Rio Olympics Not Too Promising: Currie

Rio Olympics Not Too Promising: Currie

By Roger Currie

Hands up if you can’t wait for the Rio Olympics that are now less than a month away. I’m not seeing many hands. Is it just me, or are the Summer Games shaping up to be the latest international disaster of 2016? A year that has already seen more than its share of disappointment.

Do you know of anyone, besides most of our elite athletes, who can’t wait to get there? Beyond Rio, the next summer games will happen in 2020 in Tokyo, but many are seriously wondering if there will be much left of the Olympic movement by then.

The list of nightmarish problems that have happened to Rio is a long one. Golf is part of the games this year for the first time in more than a century, but many of the big names from both the men’s and women’s pro tours are choosing not to travel to Brazil because of the Zika virus.

As always, there are serious questions about how ready the Olympic facilities will be, and there are very serious concerns about water quality, both at the aquatic venues and coming out of the taps at the athletes’ village.

Rio is a fabulous place to party on the beach, but there’s a lot of crime, and competitors say they probably won’t be doing much sightseeing.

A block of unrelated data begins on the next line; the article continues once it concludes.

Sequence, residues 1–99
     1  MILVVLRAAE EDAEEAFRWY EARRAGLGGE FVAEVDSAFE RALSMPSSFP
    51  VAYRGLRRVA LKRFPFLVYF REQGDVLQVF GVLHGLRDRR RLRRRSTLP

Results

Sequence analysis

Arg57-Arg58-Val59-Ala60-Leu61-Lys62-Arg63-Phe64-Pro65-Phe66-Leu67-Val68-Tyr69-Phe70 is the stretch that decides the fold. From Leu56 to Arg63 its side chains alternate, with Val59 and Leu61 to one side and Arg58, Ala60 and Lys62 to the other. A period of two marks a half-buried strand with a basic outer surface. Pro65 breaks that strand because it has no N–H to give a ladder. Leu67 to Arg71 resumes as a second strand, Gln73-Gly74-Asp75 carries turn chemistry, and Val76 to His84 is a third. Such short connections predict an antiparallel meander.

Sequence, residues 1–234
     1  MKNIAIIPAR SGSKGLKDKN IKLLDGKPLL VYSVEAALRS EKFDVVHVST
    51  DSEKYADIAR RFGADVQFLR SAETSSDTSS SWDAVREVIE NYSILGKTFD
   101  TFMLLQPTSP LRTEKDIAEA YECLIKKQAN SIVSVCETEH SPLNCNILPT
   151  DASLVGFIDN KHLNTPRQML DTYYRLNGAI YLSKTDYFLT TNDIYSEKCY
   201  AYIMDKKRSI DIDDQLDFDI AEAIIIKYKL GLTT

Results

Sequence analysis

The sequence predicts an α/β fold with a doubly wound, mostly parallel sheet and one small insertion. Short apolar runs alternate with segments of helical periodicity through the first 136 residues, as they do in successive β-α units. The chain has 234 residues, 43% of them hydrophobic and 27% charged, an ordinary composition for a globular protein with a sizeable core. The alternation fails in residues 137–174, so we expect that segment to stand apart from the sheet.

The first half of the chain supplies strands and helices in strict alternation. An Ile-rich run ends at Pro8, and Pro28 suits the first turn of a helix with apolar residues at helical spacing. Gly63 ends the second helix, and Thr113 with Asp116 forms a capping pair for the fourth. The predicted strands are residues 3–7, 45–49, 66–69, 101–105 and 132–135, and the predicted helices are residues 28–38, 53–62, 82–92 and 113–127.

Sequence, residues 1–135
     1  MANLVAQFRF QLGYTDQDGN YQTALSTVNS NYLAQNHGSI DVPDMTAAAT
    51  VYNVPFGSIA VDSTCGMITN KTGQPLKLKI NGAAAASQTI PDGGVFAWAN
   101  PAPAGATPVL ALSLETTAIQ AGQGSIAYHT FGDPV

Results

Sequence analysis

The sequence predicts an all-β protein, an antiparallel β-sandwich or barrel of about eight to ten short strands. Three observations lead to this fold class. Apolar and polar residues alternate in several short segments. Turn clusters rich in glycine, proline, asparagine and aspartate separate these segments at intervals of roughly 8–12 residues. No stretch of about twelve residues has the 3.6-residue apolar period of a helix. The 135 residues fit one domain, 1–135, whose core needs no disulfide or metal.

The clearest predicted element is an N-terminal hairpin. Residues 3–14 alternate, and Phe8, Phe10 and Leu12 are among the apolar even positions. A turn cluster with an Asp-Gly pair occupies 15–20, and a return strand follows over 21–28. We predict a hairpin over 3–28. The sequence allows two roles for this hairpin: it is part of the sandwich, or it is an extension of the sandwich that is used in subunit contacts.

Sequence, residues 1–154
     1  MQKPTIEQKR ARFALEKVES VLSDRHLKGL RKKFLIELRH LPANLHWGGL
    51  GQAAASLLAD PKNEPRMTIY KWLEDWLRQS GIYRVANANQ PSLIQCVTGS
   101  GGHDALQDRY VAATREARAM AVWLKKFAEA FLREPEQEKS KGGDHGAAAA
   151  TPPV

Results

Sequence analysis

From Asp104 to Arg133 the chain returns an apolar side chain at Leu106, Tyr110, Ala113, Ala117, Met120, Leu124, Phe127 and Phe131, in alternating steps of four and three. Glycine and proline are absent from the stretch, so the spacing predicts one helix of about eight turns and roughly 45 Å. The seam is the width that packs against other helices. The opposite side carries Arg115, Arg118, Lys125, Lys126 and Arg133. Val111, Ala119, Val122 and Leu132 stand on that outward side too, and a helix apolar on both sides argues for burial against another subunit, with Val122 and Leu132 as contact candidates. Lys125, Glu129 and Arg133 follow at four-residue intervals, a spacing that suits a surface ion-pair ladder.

Then there are the Russians. Many of their top competitors have been disqualified for doping violations, putting athletes from many countries under a dark cloud of suspicion.

A decade ago, a news organization like the dear old CBC would be having a veritable feast reporting on all these sordid stories and more. But today, in the vanishing world of real journalism, even the Corporation is very limited in what they can say. Our public broadcaster paid millions to bring the events in Rio to Canadian living rooms and smart devices, and they dare not offend the Olympic brass, or the corporate sponsors who are paying the bills.

As I always say, other than that, Rio should be just one laugh after another.

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Roger Currie is a writer, storyteller, voice for hire, observer of life on the Canadian prairies, and can be heard on CJNU 93.7FM in Winnipeg.